Microbes multiply in heat,
Bumblebees pollinate many of our favorite foods, but their own diet is being upset by climate change, according to a new UC Riverside study.
Bombus impatiens, aka the common eastern bumblebee, served as taste tester for this experiment.
There's a sweet spot where floral nectar that bees eat has just the right balance of microbes like bacteria and yeast in it. Hotter weather can upset the balance, endangering the bees' health and potentially, our own.
A new study in the journal Microbial Ecology examines the effects of these nectar composition changes on an American bumblebee. Without bumblebees, who perform a type of pollination that honeybees do not, it would be difficult to mass produce food crops like tomatoes, blueberries, peppers, or potatoes.
“Micro changes in floral nectar may alter the way bees forage and look for food, affecting their health and in turn, potentially affecting human health, by reducing the availability of fresh foods,” said UCR entomologist and study lead Kaleigh Russell.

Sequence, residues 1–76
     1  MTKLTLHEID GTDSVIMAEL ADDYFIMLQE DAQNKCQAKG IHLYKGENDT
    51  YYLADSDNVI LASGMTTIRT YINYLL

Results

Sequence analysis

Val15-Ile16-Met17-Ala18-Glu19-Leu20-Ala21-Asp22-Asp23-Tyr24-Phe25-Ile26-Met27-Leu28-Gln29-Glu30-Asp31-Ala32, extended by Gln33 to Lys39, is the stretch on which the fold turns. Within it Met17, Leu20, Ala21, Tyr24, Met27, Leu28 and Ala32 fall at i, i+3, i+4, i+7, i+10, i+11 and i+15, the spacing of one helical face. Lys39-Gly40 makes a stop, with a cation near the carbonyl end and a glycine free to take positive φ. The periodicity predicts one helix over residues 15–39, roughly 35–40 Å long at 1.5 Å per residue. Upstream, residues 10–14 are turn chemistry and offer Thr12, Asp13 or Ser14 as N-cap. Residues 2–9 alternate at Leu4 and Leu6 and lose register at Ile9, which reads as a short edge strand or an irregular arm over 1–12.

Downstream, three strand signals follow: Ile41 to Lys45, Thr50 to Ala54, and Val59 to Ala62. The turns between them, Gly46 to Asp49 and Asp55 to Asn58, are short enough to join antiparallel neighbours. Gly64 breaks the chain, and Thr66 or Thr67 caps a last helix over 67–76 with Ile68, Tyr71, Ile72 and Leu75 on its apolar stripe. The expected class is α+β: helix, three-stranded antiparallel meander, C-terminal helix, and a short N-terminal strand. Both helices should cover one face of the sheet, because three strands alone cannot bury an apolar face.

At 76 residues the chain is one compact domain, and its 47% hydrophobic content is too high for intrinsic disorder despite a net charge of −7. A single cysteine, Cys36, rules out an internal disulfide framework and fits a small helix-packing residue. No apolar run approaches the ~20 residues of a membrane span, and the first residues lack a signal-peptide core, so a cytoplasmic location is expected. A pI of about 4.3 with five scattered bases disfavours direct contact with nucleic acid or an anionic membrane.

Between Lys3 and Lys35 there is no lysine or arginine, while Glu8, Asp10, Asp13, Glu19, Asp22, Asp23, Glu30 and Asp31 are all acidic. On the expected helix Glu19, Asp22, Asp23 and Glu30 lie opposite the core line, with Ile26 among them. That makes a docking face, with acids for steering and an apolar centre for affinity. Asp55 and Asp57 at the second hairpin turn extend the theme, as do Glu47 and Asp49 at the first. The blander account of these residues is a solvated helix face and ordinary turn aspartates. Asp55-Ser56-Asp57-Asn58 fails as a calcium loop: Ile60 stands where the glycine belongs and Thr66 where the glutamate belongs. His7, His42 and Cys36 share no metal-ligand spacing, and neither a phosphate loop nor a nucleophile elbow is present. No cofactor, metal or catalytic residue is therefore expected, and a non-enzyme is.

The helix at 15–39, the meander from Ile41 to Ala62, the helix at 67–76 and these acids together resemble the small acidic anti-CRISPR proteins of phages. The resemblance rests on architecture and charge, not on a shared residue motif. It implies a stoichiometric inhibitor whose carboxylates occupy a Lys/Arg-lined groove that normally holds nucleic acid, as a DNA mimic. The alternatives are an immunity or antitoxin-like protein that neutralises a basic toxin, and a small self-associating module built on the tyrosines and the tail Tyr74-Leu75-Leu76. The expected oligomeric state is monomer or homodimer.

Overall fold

Bumblebees do enjoy nectar with some microbes in it, but too much of a good thing can deter them, Russell said.
With even a small increase in temperature, microbes' metabolism speeds up, causing them to reproduce more and eat up a higher percentage of the sugars in the nectar. “Less sugar means the nectar could be less palatable for our pollinators,” Russell said.
To test the bumblebees' taste preferences, Russell made nectar in a laboratory. Some was sterile and some contained microbes, and she grew both at a lower and a higher temperature.
The lower temperature, 80.6 degrees Fahrenheit, represents the average springtime high for Riverside in 2017. The higher temperature, 89.6 F, corresponds with what the predicted average temperature will be at the end of the century due to climate change.
Nectar from wild mustard, abundant in Southern California, was collected for this experimental taste test.